Those of you teaching Chapter 6—The Lawyer’s Duties to the Legal System, the Profession, and Nonclients—might be interested in an article of mine just published by the Fordham Law Review for its Lawyering in the Regulatory State Symposium. In the paper, using the GM ignition switch scandal as a point of departure, I critique the common assertion that our legal system is best served if the corporate in-house lawyer conducts his/her relationships with senior corporate managers according to the “lawyer as friend” model. I argue that there are numerous problems with the model, not the least of which is the invariably (and perhaps intentionally) vague way in which the model is invoked. Those who invoke the “lawyer as friend” model repeatedly assert that the senior corporate manager needs to be able to repose “trust and confidence” in the inhouse lawyer. Unfortunately, they never explain: trust and confidence in what?
As a matter of professional responsibility and fiduciary obligation, the lawyer cannot reassure the manager that his communication will remain confidential or that the manager will be shielded from adverse consequences. If the corporate senior manager is engaged in material wrongdoing that may harm the corporate entity, that manager will usually not be entitled to those assurances. As William Simon has explained, the authority to invoke or waive the organization’s confidentiality rights usually belongs to the organizational agents different from those who made the confidential communications. Because the lawyer may be required to testify against the manager in a court of law, it would be entirely inappropriate for the lawyer to reassure her colleague of her continuing loyalty or confidentiality. The lawyer’s duty of confidentiality will not block disclosure within the organization, and it will not prevent the organization from divulging information outside of the corporation, no matter how harmful internal or external disclosure is to the manager. Indeed, the only thing that the lawyer can properly promise the manager is that she will listen carefully and not rush to judgment, which is the behavior that anyone would reasonably expect of a competent professional (irrespective of any preexisting friendship). To suggest that lawyers should invite the manager’s trust and confidence and then—if the lawyer encounters evidence of material misconduct—turn around and report that manager to higher-ups basically advocates a bait and switch model. This “bait and switch” does not sound like friendship, which is precisely why the “lawyer as friend” analogy should be abandoned.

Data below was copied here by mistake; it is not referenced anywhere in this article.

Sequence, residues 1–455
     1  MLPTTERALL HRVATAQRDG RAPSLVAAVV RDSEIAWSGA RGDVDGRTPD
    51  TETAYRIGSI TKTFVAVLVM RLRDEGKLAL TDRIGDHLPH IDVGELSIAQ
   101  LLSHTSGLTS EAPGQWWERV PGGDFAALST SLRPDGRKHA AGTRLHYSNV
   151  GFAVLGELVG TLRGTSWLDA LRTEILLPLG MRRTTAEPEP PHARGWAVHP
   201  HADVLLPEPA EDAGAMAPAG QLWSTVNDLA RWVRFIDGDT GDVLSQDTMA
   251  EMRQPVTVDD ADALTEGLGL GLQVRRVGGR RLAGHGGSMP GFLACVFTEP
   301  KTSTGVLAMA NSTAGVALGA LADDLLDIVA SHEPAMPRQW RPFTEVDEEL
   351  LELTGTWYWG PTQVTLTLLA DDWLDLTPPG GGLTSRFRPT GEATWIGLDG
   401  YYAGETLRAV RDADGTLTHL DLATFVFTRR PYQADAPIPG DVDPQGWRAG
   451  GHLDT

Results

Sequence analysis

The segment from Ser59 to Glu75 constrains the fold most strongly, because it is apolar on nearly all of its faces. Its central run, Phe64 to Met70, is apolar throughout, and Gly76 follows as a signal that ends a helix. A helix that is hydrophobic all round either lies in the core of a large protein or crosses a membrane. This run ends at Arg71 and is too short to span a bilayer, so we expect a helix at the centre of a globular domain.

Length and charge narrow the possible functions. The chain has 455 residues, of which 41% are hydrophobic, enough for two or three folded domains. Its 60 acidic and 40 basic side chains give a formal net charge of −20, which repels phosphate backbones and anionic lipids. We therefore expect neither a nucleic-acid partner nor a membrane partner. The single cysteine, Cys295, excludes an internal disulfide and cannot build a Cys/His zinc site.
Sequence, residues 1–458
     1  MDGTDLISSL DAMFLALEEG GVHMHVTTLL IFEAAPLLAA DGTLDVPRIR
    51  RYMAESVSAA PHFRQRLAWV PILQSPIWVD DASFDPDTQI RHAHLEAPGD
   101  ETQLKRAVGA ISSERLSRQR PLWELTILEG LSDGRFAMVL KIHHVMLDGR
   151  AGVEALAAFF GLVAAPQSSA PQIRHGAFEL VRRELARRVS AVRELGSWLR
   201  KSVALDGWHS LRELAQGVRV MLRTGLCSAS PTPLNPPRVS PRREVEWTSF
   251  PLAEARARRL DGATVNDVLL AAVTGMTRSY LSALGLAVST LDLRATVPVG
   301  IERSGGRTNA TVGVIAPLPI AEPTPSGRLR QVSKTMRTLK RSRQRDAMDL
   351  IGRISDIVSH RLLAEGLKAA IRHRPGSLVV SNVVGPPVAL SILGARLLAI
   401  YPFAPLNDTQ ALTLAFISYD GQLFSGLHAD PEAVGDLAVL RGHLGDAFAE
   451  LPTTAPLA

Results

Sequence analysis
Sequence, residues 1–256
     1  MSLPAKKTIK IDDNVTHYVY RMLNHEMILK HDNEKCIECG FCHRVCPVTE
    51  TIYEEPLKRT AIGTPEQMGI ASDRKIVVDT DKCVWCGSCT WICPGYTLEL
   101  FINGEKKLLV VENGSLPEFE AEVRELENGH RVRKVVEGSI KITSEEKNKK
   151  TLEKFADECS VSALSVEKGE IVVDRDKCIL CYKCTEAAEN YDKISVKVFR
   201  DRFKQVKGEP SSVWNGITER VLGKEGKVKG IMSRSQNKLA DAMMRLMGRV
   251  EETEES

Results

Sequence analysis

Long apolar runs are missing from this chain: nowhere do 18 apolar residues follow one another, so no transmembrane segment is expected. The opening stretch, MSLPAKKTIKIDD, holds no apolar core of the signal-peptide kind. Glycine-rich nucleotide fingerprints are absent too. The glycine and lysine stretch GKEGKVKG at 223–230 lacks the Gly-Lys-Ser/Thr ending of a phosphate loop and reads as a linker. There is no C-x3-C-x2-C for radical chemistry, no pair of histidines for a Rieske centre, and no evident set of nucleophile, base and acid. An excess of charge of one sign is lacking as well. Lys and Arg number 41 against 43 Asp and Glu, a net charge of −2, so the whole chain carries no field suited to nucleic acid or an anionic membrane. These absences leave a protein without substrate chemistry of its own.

To be sure, in the best possible world, the senior corporate manager backs down from his illicit plan. This good result may be reached through some form of moral dialogue that legal scholars are right to recommend. What many folks ignore, however, is the sobering reality that persuasion does not always work. Not all lawyers will be skillful in the art of moral suasion, and—frankly—most law schools do not train students in moral suasion. Also, sophisticated senior managers, who find themselves in desperate enough situations to be considering wrongdoing in the first place, may not be receptive to the lawyer’s (perhaps feeble) attempts at moral suasion.
Perhaps those invoking the “lawyer as friend” model are merely saying lawyers should be “friendly”? Unfortunately, that commits the fallacy of confusing “friend” with “friendliness.”
If you’d like to read the whole article, it can be downloaded from SSRN here:
The entire issue of the Fordham Law Review Lawyering in the Regulatory State Symposium can be found here.
The ABA Journal reports today that the Missouri Supreme Court suspended a lawyer for using the information obtained by the lawyer’s divorce client, who obtained the information by accessing the wife’s email without permission (husband guessed his wife’s email password). The information obtained included:
- current payroll documents of wife; and
- a list of direct examination questions prepared by wife’s lawyer.
The court found that the lawyer violated the following Missouri Rules of Professional Conduct:
- Rule 4-4.4(a), which prohibits a lawyer from using “methods of obtaining evidence that violate the legal rights” of a third party;
- Rule 4-8.4(c) which prohibits a lawyer from engaging “in conduct involving dishonesty, fraud, deceit, or misrepresentation;”
- Rule 4-3.4(a) which provides, in part, that a lawyer shall not “unlawfully obstruct another party’s access to evidence or unlawfully alter, destroy, or conceal a document or other material having potential evidentiary value;” and
- Rule 4-8.4(d), which prohibits a lawyer from engaging “in conduct that is prejudicial to the administration of justice.”
The court noted that the lawyer had been disciplined five times previously.
You can find the opinion here.